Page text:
Statement by Human Rights Commissioner Kofler on the situation of the Gonabadi dervishes in Iran

20.03.2018 - Press release

Bärbel Kofler, Federal Government Commissioner for Human Rights Policy and Humanitarian Aid at the Federal Foreign Office, issued the following statement today (20 March) on the situation of the Gonabadi dervishes in Iran:

I am very concerned about the situation of the Gonabadi Order and its followers, many of whom are still in prison following the protests in February, which turned violent. I condemn the violence during the protests by the dervishes in February and the killing of the police officers. At the same time, the principle of proportionality must apply.

I also call on the Iranian judiciary to ensure that the accused are granted a fair trial. In this context, I am most concerned about today’s announcement of a first death sentence. The death penalty is a cruel form of punishment, which the German Government rejects in all circumstances.

Furthermore, dervish Mohammed Raji’s sudden death in detention should be investigated using rule-of-law means.

People must not be imprisoned and abused on the basis of their membership of the Gonabadi Order.

I call on Iran to uphold the obligation arising from its ratification of the International Covenant on Civil and Political Rights to respect human rights regardless of an individual’s religion or ethnicity and to release all those in prison because of their religious or political convictions without delay.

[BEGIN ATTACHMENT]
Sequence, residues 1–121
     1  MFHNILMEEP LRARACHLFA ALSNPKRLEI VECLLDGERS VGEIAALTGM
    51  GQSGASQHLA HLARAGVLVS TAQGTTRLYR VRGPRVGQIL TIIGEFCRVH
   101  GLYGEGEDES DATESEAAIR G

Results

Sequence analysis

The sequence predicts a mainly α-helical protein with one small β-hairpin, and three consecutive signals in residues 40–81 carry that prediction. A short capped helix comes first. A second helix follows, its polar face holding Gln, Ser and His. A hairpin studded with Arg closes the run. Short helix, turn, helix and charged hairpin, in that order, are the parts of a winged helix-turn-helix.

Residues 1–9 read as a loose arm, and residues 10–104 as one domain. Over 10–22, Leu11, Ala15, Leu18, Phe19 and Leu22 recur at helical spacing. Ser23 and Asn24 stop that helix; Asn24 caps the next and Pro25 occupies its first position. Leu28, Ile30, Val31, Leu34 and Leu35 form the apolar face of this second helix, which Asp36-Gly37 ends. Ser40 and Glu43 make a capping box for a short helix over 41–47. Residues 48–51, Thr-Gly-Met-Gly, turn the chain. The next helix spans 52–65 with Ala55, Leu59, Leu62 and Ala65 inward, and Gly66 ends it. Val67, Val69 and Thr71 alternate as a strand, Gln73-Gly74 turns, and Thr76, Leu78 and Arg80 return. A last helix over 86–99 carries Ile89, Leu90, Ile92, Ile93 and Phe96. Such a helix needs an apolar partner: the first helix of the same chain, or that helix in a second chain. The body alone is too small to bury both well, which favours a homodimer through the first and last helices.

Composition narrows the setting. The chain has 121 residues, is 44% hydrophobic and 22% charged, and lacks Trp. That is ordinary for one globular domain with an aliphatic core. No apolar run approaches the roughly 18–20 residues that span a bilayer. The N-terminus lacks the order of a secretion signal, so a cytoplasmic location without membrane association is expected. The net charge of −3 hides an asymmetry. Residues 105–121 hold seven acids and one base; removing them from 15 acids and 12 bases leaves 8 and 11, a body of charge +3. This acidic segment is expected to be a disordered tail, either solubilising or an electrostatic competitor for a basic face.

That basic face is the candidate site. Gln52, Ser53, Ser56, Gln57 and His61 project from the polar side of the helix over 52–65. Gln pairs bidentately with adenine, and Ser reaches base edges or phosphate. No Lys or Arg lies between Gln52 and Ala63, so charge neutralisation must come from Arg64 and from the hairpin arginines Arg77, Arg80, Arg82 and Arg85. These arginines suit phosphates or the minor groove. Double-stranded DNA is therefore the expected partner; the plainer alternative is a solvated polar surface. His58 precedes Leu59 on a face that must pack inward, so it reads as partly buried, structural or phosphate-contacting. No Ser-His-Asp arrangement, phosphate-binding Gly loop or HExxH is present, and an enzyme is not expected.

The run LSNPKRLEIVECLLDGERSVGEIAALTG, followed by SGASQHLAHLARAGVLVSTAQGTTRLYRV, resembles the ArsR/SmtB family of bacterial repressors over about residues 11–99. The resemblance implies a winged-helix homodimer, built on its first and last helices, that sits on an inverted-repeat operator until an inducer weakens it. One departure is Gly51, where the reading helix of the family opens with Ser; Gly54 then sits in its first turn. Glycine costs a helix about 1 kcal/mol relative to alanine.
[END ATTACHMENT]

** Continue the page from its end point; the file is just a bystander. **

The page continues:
Background information:

On 20 February 2018, around 1000 Gonabadi dervishes took part in protests in Tehran against the imprisonment of their 70-year-old fellow believer Nematollah Rihai. The protests ended in violence, which included a bus being driven into a group of police officers. Five people were killed. According to the Tehran police, 30 people were injured and 300 dervishes arrested. A man has been condemned to death by a trial court in connection with the police officers’ deaths. Since the unrest, there are reports that many dervishes remain in prison or under house arrest. Human rights organisations say that the dervishes and their families are being subjected to brutality by the security forces, with reports of torture and abuse. Mohammed Raji, a member of the Gonabadi Order, died in prison.

The dervishes in the Iranian Gonabadi Order, which has an estimated five million members in Iran, are part of the Twelver Shia, but reject all forms of political Islam. The order does not recognise the principle of the religious and political rule of the supreme authority on religious laws, the basis of the Islamic Republic of Iran. Members of the order are frequently persecuted and imprisoned because of their critical views on the Government, but also because of their social issues and human rights advocacy.


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